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A Question of Purpose: Rebellious Boys and Education

I’m not the only one that’s noticed that rather large and looming wall between most boys and early academic achievement. That wall is the following question: “Why?” Usually that question comes out a little differently. More likely than not it sounds something like: “Why do we have to do this crap anyway” to which we usually answer “Because I said so,” and subsequently follow that statement with a detention slip and a letter home about the boy’s behavioral issues. After all, the girls never ask questions like that.

Gerry G., an inner city high school teacher and writer for the City Journal, writes one of his articles bout how boys are being short changed by the continued feminization of our classrooms. He cites some frightening statistics: “Only 65 percent [of boys] earned high school diplomas in the class of 2003, compared with 72 percent of girls, education researcher Jay Greene recently documented.” Some might attribute this to the popular theory that girls mature more quickly than boys, but those of us who’ve ever attempted to teach elementary to high school notice much more striking differences. Boys question the purpose of the education they are receiving far more often than girls do, and if you fail to answer them sufficiently, they will slouch back and lose interest completely. Girls are far more willing to work without the need for an explanation. This is a natural difference, and boys ought not to be punished for it and labeled “behaviorally challenged.” That is precisely, however, how our society deals with this more aggressive and inquisitive thumos, and that is one of the greatest factors to the difference in graduation rate.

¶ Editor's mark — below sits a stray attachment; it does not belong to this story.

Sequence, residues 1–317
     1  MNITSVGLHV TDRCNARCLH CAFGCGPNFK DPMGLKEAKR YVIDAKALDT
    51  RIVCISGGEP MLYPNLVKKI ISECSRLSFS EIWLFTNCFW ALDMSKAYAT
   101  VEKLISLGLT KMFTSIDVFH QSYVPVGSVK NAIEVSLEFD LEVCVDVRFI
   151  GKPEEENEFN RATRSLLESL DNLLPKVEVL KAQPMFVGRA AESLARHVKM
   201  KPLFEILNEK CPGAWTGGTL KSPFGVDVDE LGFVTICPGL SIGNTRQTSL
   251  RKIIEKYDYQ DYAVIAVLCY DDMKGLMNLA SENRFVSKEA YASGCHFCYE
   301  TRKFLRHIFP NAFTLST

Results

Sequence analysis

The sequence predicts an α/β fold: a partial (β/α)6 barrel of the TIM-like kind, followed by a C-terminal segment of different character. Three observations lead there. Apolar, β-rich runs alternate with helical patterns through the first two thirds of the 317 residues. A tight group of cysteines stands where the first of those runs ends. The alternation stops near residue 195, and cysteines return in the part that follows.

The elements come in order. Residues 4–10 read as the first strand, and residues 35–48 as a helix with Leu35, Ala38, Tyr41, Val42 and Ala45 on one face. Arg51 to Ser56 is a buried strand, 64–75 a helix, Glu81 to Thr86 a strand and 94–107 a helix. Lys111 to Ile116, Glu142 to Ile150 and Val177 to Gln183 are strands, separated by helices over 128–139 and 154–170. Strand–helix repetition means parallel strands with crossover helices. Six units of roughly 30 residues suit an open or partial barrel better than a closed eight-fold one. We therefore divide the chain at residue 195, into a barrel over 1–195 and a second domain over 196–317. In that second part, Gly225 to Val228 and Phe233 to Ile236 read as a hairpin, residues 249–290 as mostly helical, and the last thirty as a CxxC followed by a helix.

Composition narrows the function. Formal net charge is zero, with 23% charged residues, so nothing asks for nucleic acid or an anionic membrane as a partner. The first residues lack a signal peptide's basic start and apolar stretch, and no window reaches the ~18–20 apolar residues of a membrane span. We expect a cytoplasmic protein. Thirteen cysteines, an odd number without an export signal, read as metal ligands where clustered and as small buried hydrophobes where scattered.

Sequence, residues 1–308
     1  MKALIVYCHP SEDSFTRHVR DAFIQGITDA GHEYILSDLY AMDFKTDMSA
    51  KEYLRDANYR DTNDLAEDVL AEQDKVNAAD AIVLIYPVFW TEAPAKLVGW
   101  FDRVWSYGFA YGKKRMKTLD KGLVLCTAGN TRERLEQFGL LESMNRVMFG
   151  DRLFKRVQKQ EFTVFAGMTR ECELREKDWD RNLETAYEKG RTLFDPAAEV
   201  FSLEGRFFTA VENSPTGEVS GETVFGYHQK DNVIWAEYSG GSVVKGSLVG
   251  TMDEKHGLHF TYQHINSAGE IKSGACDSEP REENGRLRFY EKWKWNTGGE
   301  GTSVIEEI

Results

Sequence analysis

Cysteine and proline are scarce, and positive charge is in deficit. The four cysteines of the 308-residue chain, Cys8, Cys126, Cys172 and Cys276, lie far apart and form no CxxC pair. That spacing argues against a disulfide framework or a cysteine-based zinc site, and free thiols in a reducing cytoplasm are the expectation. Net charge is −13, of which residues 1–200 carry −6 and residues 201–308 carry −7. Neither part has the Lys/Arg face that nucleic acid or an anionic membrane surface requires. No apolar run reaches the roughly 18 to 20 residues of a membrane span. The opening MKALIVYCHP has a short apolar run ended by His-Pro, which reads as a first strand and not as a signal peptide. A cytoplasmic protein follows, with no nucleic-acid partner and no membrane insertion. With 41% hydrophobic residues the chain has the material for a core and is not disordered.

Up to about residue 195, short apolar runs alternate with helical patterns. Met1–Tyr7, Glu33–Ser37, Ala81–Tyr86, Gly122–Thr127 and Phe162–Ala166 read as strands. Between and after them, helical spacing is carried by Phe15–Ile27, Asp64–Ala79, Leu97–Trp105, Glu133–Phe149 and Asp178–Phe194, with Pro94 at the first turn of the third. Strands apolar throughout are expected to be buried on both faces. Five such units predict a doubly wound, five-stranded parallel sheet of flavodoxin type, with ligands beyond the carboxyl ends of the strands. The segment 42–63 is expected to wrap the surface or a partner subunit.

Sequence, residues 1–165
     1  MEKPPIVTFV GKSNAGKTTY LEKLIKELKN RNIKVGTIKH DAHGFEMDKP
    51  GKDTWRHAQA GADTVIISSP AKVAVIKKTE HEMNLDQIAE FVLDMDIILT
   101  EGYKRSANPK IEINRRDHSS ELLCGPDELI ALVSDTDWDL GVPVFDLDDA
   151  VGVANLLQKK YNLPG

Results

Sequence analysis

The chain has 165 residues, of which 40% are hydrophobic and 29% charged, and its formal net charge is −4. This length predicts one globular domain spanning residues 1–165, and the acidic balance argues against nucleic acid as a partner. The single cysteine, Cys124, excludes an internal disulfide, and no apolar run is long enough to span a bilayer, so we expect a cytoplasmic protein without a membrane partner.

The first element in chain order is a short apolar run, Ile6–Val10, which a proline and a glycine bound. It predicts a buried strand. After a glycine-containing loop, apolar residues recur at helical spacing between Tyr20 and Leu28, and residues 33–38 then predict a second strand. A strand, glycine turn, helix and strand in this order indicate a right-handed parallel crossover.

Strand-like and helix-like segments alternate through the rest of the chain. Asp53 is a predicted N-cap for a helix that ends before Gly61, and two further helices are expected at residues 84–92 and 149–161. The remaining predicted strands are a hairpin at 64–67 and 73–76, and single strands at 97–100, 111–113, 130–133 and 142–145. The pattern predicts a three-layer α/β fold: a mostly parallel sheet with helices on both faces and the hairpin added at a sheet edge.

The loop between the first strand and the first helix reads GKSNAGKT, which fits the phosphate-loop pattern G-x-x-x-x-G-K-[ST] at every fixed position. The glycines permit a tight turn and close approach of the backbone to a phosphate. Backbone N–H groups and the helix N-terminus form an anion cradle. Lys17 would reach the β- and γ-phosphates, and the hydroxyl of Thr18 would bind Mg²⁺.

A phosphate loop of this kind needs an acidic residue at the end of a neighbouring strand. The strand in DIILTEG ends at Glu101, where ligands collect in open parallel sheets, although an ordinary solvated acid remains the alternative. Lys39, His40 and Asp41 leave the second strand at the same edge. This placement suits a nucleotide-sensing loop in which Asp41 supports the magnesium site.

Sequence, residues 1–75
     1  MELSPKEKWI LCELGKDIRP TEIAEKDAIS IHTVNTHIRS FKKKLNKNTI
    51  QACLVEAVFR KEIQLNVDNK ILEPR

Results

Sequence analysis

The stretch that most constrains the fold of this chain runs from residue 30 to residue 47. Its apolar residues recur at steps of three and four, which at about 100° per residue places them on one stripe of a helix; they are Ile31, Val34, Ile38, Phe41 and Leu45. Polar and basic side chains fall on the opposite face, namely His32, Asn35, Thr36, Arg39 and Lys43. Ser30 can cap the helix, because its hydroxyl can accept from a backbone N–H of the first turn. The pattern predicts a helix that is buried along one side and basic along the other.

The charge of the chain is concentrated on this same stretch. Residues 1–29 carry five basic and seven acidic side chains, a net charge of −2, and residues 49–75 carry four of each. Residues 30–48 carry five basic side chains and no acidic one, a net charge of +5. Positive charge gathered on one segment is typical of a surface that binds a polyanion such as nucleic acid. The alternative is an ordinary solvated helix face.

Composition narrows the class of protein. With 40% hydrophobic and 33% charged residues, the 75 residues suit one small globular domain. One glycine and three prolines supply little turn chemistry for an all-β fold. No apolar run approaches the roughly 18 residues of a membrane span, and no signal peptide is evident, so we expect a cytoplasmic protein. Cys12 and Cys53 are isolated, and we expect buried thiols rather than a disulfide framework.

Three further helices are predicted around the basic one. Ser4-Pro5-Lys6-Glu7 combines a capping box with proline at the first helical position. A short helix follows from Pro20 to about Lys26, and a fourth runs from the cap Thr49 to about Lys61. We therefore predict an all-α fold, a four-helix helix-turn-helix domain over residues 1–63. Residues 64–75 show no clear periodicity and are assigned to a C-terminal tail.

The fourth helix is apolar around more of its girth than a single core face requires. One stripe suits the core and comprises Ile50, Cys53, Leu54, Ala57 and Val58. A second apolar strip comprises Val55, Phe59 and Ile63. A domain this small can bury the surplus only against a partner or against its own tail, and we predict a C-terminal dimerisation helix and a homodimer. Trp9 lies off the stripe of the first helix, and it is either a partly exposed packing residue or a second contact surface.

If you are a parent, the primary instructor of your children, be ready to answer your boys. Why do we have to learn Greek Mythology and who the hell cares about Odysseus or whatever his name was? What could possibly be so important about Shakespeare that we have to read a play that he wrote hundreds of years ago where everyone dies in the end? When am I ever going to use calculus anyway? Be ready for these sorts of questions with purposeful answers, because your son will need more than the usual, “Just do what you teacher says because you need good grades to get into a good school so you can get a good job.” This may seem a little harsh, but if you cannot answer him as to the purpose of each subject, then why are you sending him to school at all?

This is an expansive topic and Garibaldi captures the issue much more fully in his article. I encourage you to read it if you have or work with young male students. You can find it here: